Sean and I have been together for five apartments, two degrees, two cross-country moves, and many trips to IKEA. Or in other words, four years. Over this time, we have collected a hodge-podge of housewares. Some of our stuff is gorgeous and irreplaceable. Handmade original walnut Mid-Century Modern credenza from Craigslist? Keep forever! That embarrassing knife set from one of those big box stores with edges so dull they can’t slice tomatoes? Time to upgrade. There comes a time when you need to tell your apartment to start #adulting.
When Sean and I first met, I was working at a restaurant and finishing my undergraduate degree, and he was in his third year of teaching fifth grade. It didn’t matter that we had no money to spare; our first apartment together could be anything we wanted, and we were eager to make it feel like home. Resources were slim but we could not be happier to embark on the adventure of living together. If I have learned one thing, it’s that moving in together is more than cohabiting a physical space—it means having the opportunity to define home with your partner. It means talking about values, light, form, function, and feel. Is home a quiet retreat? Or is it the perennial gathering place? Minimal or ornate? Dark wood or light? No matter what sort of resources you find yourself with, there are infinite opportunities for creativity and resourcefulness. Every house can become a home.
Zuma Trays | Stainless Pitcher | Bennett Dinnerware Collection | Viv Martini Glass
May the odds be ever in your favor
When we got engaged last year we were immediately like, “Meh, we have everything we need! We’ve lived together for so long. Let’s not register for stuff. Who needs stuff? We want experiences.” But my mom, the voice of maternal wisdom, chimed in: “You know, if you don’t register for some physical things, people are just going to pick something for you. And it’s going to be something weird.”
We knew we had to revise our concept of what a registry could be. We shivered at the thought of receiving something awkward as a wedding present—like a red ruched duvet cover, or a family “heirloom” that Aunt Jennifer re-gifted because it didn’t sell at the garage sale.
Gerald Round Wall Mirror | HD Media Console with Towers
let me upgrade you
Enter Crate and Barrel.
We had long drooled over Crate and Barrel’s glossy magazine spreads, and maybe even waltzed through one, longingly smoothing the velvet of a throw pillow, or caressing a carafe a little too intimately. Okay, okay. We had to admit it to ourselves—there were definitely things in our apartment that needed upgrading. And our wedding registry was how it was going to happen.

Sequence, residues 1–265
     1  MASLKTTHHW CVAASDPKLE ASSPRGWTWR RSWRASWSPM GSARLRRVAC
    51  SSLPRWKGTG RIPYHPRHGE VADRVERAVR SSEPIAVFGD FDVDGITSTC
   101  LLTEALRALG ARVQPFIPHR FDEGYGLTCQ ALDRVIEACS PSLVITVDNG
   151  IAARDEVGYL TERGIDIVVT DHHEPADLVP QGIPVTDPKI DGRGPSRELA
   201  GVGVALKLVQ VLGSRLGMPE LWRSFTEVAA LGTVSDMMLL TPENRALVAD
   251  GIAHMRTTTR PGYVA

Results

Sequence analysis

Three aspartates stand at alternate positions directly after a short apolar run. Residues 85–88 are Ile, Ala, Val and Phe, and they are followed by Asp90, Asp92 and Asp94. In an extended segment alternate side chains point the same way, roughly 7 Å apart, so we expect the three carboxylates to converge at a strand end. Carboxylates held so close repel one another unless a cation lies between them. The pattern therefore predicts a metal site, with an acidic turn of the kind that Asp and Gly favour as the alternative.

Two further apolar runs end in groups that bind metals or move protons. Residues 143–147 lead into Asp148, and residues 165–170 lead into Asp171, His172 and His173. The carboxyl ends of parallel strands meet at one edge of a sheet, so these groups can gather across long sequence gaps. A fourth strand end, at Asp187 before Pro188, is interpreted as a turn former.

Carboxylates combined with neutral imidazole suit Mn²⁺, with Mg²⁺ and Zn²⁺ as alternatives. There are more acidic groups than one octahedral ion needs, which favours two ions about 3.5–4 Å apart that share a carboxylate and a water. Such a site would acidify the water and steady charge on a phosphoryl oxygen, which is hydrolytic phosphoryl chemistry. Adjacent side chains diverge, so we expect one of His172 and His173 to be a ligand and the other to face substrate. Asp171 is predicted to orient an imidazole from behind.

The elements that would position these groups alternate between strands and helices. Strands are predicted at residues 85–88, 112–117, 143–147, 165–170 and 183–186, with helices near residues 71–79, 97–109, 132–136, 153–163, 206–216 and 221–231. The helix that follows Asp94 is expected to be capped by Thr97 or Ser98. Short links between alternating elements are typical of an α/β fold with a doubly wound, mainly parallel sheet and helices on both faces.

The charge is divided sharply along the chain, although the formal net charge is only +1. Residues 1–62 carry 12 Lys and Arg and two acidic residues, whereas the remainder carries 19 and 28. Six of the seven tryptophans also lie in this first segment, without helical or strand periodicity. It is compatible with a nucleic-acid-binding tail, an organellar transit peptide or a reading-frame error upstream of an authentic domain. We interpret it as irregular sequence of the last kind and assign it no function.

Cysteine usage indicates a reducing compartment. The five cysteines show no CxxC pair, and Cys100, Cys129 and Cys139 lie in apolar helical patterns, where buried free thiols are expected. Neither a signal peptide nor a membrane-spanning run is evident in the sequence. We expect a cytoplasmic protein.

We had the pleasure of participating in a Crate and Barrel Private Registry Event and actualize our dream of replacing those useless knives, and mismatched cutlery with things that worked and looked fabulous while doing it. Could we upgrade it? If yes, then on the registry it went.
Le Creuset Signature Round French Ovens | Le Creuset Signature Everyday Pans
There was also license to add things that we just simply wanted. One cannot just walk by the Le Creuset collection and not FEEL SOMETHING. Or at least imagine whipping up some no knead bread in one of those iconic cast iron Dutch ovens. Oh, that’s just me? Well… Anyway, we added it to the registry list.
Sean and I couldn’t help giggling with delight as we scoured the kitchenware side of the store, pointing out things that we knew we always wanted (hello, mini spiralizer and handheld citrus press) but just never got around to investing in. “How much would this change our lives?” said Sean, holding up a vegetable peeler. “Oh my god so much,” I said, adding it to our list. “Better get two.”
It takes a village
From copper Moscow Mule mugs, to flatware that gasp all belonged to the same set, we slowly added to our registry items that would revamp our living space. It’s not every day that your community comes together and asks to become part of your conversation about what defines your lives together and the physical space you inhabit.
We began to realize that’s what a registry helps you do—it helps you invite your guests into your unique conversation about your joint meaning of home. If you treat it as such, the registry is a guide to your sensibility as a couple, what you want represented in your home: clean lines, light, warmth, splashes of color to remind you that the smallest things can bring joy. It’s an invitation for your guests to understand your version of home.
Jaipur Quilt & Shams | Atwood Bed with Bookcase
As we walked around the store, warm Sunday sunlight streamed through the windows. It was glowing, we were glowing. We smiled. Our community loves us, we love each other. Sure marriage won’t be easy, but when you pour your heart into something, it’s always worth it.
But damn, if it won’t be a little easier with those two fine vegetable peelers… and probably that Le Creuset. And don’t forget that carafe.
This post was sponsored by Crate and Barrel Wedding Registry. With Crate and Barrel, it doesn’t matter if you’re just starting out, or if you’ve already built a home together, they’ve got something for every stage of your relationship. Plus, get like-price guarantee, free shipping, and exclusive pieces from Crate and Barrel’s artists and designers, when you sign up for a Crate and Barrel Wedding Registry today. Click here to learn more or sign up for a live Crate and Barrel registry event near you.
The post What Happens When Two Guys Realize They Do Need a Registry appeared first on A Practical Wedding: We're Your Wedding Planner. Wedding Ideas for Brides, Bridesmaids, Grooms, and More.